If you want to grab an entire ATSC signal from a secondary market and add it to your main signal, I have had good luck with analog heterodyne processors available from cable head ends on ebay. A heterodyne moves a signal from one frequency to another. So I have almost nothing in the VHF low range near me. I have a bunch of signals from DC and Baltimore, but there are some stations to the north. So I use a heterodyne for each station from the north and move them from their UHF broadcast channel to a VHF-low frequency for distribution in my house. With virtual channels stations end up where they should when channel surfing. Using an analog heterodyne for a digital signal is not optimal. It works for me, but a lot of care went into getting clean signals into the heterodynes. Cable headend equipment has very hot outputs, so I use pads on the outputs. I have a HDHR that I used to the signal strengths close using the adjustment knob on the heterodynes. I put my moved channels on VHF-low so I can use a HLSJ to inject them into the system. (some heterodyne processors on ebay have fixed input and output channels, unless you were really lucky they would probably not work. The best ones to use are the adjustable ones. Cable 14 is not the same as OTA 14, so it is important to make sure the switches are set for UHF and not cable.)
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Old 24-Apr-2015, 8:34 PM   #8
rabbit73
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Quote:
What I am interested in trying is to do the same without the use of a rotor.Based on my report and proximity to the various transmitters I am interested in a new configuration & hoping to not have to rescan & point etc...
I have 75 foot of quadshield split to 5 TV's.
I agree with stvcmty. You need 3 antennas, and a way to combine the signals into one coax before splitting.

If you only had one TV, I would say use an A/B/C switch to select the antenna you want and use a Sony TV that can add a channel after scan, to avoid the need to rescan every time you switch antennas.
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Last edited by rabbit73; 24-Apr-2015 at 8:37 PM.
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Old 24-Apr-2015, 8:49 PM   #9
joes1971
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Rabbit,my existing equipment is as listed in the dialogue, the report elevation was an error sorry for that.30 ft. will be most representative of what I have and likely the most elevation I will get.(Wife)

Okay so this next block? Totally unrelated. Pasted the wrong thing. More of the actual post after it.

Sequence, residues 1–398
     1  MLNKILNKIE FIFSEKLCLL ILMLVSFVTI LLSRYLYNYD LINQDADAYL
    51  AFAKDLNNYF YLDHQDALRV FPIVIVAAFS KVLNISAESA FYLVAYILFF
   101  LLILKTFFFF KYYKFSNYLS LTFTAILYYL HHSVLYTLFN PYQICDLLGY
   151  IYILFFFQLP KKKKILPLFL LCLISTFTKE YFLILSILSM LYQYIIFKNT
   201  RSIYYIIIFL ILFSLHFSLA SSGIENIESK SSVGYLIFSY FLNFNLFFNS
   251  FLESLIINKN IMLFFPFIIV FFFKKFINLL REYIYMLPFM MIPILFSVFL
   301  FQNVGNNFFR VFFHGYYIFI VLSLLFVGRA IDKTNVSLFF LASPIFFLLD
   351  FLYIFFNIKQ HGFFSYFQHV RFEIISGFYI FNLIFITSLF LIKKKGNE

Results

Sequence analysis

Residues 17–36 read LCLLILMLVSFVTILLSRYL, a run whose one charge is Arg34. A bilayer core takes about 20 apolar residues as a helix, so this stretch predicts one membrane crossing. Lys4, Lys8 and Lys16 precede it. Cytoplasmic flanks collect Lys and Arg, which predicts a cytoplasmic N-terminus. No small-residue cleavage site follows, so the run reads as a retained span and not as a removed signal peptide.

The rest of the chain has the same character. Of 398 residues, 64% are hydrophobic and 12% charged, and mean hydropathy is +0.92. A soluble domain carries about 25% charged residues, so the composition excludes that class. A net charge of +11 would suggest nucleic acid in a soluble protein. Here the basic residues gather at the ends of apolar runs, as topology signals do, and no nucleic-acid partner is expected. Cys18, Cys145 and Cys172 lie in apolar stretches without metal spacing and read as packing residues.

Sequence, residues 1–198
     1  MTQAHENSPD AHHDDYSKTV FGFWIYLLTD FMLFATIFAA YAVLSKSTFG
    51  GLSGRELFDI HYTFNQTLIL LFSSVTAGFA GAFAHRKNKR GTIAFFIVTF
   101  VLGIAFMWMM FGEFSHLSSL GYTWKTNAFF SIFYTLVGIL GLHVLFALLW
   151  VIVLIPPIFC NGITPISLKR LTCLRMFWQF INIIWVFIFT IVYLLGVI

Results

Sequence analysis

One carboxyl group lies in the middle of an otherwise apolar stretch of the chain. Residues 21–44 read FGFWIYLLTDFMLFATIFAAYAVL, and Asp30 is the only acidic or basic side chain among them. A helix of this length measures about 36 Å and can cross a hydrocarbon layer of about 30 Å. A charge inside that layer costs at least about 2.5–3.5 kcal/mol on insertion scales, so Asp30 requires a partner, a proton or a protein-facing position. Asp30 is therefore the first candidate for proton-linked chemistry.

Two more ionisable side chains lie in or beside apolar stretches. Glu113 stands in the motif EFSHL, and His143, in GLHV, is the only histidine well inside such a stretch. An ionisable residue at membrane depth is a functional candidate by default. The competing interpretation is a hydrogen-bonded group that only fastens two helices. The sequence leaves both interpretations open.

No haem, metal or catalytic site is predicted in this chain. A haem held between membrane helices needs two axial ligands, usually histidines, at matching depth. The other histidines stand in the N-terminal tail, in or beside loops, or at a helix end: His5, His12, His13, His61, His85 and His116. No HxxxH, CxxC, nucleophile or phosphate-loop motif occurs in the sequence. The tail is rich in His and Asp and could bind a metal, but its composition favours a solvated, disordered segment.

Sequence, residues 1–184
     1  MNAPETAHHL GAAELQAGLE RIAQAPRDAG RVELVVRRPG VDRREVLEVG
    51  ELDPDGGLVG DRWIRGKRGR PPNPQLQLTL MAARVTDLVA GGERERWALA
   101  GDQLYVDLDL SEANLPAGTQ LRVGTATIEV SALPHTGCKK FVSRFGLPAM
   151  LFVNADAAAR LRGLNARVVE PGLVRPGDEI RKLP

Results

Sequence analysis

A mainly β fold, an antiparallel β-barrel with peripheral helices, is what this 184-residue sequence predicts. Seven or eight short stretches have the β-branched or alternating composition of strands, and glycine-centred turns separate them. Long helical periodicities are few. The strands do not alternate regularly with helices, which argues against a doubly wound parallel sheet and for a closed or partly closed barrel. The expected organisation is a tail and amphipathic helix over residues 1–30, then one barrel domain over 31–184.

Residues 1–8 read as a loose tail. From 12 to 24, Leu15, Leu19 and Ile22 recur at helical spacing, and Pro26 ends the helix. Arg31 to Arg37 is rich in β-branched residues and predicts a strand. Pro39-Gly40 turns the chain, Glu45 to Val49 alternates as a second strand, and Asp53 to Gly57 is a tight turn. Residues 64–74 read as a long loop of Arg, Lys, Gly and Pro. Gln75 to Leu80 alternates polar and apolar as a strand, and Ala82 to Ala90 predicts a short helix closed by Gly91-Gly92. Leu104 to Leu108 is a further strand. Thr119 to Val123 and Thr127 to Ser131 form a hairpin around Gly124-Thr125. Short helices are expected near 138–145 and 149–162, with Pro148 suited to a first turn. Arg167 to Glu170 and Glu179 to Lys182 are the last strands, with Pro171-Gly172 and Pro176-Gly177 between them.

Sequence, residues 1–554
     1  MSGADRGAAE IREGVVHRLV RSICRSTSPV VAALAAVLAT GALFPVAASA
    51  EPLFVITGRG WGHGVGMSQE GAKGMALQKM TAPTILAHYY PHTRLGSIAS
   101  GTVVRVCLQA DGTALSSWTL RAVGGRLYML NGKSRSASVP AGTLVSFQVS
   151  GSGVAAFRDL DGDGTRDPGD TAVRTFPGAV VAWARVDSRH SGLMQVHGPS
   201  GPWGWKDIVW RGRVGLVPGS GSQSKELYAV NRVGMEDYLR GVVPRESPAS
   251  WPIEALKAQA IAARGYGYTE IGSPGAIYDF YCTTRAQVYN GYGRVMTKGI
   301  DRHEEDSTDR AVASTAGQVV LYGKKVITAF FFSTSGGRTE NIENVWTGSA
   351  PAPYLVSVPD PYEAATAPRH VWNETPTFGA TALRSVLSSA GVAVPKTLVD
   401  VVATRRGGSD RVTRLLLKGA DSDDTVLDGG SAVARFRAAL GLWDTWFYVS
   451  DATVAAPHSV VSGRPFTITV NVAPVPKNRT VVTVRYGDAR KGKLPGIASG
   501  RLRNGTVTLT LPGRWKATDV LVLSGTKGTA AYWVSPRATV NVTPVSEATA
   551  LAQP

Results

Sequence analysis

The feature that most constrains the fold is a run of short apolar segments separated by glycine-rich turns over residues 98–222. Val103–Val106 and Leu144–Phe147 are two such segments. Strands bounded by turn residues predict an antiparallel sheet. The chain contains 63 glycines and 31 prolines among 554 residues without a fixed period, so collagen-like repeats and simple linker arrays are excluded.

I have seen some posts with reference to combining different antennas into one coax & also panel style multi-directional antennas as well.

Based on my report at 30 ft. what hardware variations are being used that folks are having good success with?

Regarding the FM signals will the amp trap help or fix issues with this?

Thanks!
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Old 25-Apr-2015, 1:11 AM   #10
rabbit73
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Quote:
existing equipment is as listed in the dialogue
Right; that's why I said "had" instead of "have."

Quote:
30 ft. will be most representative of what I have and likely the most elevation I will get.(Wife)
Ah, yes! We have encountered that before. We call it the WAF, Wife Acceptance Factor or Wife Approval Factor.

"The King lives in the castle at the discretion of the Queen."

A wife will even consider a "man cave" to be her room, because the whole house is her "nest."
That viewpoint is genetic, and necessary for the survival of the human race.

Quote:
I have seen some posts with reference to combining different antennas into one coax & also panel style multi-directional antennas as well.
In spite of some glowing reviews, the antenna with two panels, each aimed in a different direction, often doesn't work. When the same signals from each antenna panel reach the combining point, they can interfere with each other if they are not in phase. It's bad enough for two directions, impossible with three. Three separate antennas combined into one coax, as previously suggested by stvcmty, sounds more complicated, but stvcmty and I feel that it would cause you less grief in the long run.

I am always amazed when someone wants a simple system that duplicates what a CATV system headend does with multiple antennas, amplifiers, and modulators costing thousands of dollars. You will need to cut back on your expectations and settle for improving one direction or be prepared to spend a lot of time and money building a system that does what you want.

Have you read these threads?

If you are good with computers:
An Alternative to Rotators and Antenna Combiners
http://forum.tvfool.com/showthread.php?t=820

This is a little more simple, but less flexible:
Another Alternative to an Antenna Rotator or Combiner
http://forum.tvfool.com/showthread.php?t=2882

Don't do this, it isn't legal:
Save money- make a TV transmitter for $35 if not FREE
http://forum.tvfool.com/showthread.php?t=13095

To rotate, or not to rotate.
http://forum.tvfool.com/showthread.php?t=8275

The simple system that I favor, if you are not prepared to go down the road suggested by stvcmty, is to use two converter boxes or tuners to add the channels from the second and third antennas to the signals from the primary antenna, using CH 3 and 4 analog outputs, a splitter reversed as a combiner, and a HLSJ to add to the system with a second combiner.